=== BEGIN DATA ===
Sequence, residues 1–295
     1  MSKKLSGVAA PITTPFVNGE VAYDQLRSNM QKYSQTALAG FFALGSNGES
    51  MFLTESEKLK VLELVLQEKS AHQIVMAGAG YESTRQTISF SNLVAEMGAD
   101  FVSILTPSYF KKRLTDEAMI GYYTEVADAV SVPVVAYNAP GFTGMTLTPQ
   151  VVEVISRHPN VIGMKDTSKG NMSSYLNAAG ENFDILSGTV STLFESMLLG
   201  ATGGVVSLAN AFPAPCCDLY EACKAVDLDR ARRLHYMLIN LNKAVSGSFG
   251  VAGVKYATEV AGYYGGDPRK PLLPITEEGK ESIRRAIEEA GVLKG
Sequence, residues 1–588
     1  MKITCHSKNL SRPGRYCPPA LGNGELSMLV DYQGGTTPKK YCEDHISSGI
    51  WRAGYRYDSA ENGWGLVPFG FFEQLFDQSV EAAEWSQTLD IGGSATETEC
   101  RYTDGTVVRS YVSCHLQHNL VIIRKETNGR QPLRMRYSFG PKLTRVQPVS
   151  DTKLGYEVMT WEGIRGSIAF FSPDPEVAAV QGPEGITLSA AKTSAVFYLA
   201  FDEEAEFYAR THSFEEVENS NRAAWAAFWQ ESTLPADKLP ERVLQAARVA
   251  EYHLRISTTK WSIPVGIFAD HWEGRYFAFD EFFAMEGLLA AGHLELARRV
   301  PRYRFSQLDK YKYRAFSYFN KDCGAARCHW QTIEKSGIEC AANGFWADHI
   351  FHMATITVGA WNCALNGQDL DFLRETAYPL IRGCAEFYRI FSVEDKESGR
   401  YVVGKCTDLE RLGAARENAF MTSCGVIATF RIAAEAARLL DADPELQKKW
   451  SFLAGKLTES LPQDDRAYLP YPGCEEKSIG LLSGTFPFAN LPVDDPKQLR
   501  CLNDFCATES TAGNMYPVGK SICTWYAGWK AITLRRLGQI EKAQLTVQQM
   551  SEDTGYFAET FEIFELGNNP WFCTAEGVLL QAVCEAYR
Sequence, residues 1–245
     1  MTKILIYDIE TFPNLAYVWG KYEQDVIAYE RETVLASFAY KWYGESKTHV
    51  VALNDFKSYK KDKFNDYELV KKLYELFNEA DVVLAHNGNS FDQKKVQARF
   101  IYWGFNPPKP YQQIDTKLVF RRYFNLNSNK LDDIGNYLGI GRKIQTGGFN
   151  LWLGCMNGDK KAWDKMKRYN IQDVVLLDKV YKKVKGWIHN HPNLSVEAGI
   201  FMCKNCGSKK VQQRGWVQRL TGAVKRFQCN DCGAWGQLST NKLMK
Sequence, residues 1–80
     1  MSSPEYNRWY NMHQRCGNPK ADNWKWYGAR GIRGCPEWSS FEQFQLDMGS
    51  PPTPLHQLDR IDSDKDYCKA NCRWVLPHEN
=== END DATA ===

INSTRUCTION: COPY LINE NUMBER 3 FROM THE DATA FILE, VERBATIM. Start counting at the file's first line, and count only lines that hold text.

    51  MFLTESEKLK VLELVLQEKS AHQIVMAGAG YESTRQTISF SNLVAEMGAD